Not having Patterson start also limited Toronto's options for guarding LeBron James. DeMarre Carroll has been lost trying to slow down the freight train that is The King, but with a Scola-Biyombo front court flanking him, the Raptors had no option but to roll with him as the primary LeBron stopper. Patterson flashed moments throughout the season of an ability to hang with daunting wing opponents -- including a few instances where he shut down James on switches during the season series. By not having all of his best defensive options on the floor to begin the game, Casey put himself at the mercy of James more than he had to.

Look, any hole the Raptors try to caulk in this series is going to lead to leakage somewhere else -- such is the nature of being over-matched talent-wise. But Casey's decision to replace Patterson in the starting lineup depleted one of the strongest parts of the team. The switch certainly achieved the desired effect for the bench -- Toronto's reserves scored 41 points. That's good in a vacuum, but when your starters only contribute 48 points on widespread poor shooting because the offense is suffocated by a lack of a available play-makers, the scoring off the bench loses its punch. Patterson finished the game with just 29 minutes played to Scola's 14. Given all the goodness Patterson provides on both ends, that's just not enough run for him.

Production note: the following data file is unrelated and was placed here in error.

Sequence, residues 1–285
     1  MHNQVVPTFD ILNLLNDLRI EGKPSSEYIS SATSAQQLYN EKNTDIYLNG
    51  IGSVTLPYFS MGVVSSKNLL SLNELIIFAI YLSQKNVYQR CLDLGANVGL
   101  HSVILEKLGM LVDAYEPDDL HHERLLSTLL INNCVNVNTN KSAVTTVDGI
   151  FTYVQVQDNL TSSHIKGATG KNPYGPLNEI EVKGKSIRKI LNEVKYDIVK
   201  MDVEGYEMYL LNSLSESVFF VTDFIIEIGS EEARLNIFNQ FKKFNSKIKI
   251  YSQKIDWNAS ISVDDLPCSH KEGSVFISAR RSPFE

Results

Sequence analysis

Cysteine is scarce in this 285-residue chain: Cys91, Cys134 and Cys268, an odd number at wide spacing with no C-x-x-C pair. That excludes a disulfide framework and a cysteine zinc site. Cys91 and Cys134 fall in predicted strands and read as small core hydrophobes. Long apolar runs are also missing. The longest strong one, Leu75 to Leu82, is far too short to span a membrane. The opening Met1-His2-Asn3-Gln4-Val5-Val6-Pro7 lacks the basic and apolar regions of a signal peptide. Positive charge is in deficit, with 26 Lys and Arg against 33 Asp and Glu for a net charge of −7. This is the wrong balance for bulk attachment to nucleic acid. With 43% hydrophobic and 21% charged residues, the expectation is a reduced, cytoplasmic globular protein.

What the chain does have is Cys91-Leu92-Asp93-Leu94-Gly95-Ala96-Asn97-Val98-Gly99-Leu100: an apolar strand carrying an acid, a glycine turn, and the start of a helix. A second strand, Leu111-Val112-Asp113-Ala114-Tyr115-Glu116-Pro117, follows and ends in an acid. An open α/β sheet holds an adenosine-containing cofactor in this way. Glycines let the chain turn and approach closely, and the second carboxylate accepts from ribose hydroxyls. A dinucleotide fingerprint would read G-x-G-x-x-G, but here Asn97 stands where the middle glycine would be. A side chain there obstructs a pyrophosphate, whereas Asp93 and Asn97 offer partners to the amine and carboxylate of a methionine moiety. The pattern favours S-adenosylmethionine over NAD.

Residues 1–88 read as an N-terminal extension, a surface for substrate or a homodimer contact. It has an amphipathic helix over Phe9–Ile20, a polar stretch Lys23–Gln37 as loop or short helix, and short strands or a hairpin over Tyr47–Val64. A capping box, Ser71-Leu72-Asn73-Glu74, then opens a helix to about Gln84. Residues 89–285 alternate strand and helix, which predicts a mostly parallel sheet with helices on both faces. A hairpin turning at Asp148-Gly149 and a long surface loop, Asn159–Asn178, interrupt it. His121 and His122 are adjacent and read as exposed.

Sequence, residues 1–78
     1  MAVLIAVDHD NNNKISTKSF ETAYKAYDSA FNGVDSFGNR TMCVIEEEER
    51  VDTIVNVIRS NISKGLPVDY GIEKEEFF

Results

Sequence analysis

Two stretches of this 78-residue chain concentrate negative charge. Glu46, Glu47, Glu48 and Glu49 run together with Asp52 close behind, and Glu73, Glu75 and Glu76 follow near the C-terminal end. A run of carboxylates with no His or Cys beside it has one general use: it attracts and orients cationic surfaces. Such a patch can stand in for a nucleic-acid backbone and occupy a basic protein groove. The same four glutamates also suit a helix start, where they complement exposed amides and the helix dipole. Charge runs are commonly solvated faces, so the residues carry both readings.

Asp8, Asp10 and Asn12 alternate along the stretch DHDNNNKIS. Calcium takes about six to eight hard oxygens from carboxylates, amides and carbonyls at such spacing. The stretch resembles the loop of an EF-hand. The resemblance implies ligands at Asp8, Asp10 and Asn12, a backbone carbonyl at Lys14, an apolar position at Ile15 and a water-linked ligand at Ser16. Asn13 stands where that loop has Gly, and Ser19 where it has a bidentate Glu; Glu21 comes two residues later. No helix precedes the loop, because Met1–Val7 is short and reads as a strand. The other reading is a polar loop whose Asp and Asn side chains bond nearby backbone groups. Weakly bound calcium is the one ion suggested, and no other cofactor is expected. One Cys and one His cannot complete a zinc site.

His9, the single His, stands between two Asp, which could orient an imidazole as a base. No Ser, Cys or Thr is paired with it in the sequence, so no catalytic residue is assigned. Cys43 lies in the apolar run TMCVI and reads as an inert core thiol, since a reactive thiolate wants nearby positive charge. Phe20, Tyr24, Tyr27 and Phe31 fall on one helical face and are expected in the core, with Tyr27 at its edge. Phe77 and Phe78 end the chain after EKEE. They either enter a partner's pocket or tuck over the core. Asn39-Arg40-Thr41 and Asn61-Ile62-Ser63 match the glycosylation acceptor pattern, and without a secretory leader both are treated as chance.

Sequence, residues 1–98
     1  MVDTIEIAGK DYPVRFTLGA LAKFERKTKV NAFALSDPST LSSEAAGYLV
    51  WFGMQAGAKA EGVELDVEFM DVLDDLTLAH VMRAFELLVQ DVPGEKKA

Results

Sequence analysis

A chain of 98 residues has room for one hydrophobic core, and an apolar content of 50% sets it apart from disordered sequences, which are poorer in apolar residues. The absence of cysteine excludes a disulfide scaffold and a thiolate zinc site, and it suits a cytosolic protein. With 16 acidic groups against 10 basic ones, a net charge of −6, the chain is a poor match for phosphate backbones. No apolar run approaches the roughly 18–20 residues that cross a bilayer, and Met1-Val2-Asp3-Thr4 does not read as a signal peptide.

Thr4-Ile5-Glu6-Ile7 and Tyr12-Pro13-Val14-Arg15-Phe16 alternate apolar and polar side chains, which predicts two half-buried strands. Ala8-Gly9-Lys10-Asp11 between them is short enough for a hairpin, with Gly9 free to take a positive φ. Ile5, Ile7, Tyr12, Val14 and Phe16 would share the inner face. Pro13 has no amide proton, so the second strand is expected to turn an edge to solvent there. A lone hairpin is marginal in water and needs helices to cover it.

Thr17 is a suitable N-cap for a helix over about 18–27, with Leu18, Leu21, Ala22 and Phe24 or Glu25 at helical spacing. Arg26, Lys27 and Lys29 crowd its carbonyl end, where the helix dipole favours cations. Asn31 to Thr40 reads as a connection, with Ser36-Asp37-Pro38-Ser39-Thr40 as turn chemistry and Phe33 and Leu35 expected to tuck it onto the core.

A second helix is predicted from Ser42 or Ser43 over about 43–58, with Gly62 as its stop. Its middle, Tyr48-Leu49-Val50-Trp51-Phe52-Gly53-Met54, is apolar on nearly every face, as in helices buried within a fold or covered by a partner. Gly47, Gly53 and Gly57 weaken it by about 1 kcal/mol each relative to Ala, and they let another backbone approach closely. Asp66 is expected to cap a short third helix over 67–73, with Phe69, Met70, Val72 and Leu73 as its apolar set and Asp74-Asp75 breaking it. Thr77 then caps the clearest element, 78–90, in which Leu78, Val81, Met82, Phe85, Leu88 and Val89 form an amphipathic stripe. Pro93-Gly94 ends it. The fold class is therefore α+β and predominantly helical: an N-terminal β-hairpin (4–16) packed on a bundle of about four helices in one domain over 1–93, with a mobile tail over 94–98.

Toronto doesn't have a ton of moves left to make, but it simply can't afford to hemorrhage points at a time in the game where it used to be at its best. It was worth a try to see how it would look, but after a 108-89 loss, it might be time for Casey to move the fancy recliner that is Patterson back home, and make due with the dingy furnishings at the cottage.

Have a happy Victoria Day Weekend, everybody.